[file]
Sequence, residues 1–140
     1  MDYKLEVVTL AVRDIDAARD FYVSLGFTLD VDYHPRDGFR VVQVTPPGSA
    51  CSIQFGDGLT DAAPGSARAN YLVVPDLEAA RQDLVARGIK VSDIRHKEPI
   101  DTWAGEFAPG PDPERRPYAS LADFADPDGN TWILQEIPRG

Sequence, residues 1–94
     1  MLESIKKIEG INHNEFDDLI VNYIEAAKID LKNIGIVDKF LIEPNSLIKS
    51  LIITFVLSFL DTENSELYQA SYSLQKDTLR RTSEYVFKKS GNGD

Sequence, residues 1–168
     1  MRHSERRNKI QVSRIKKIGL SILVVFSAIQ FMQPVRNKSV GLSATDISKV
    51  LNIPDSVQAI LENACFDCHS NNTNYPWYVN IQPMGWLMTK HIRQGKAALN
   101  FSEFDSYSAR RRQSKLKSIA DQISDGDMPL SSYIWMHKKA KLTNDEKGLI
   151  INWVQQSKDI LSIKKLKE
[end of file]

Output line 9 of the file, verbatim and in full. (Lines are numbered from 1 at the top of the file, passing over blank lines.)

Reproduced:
     1  MRHSERRNKI QVSRIKKIGL SILVVFSAIQ FMQPVRNKSV GLSATDISKV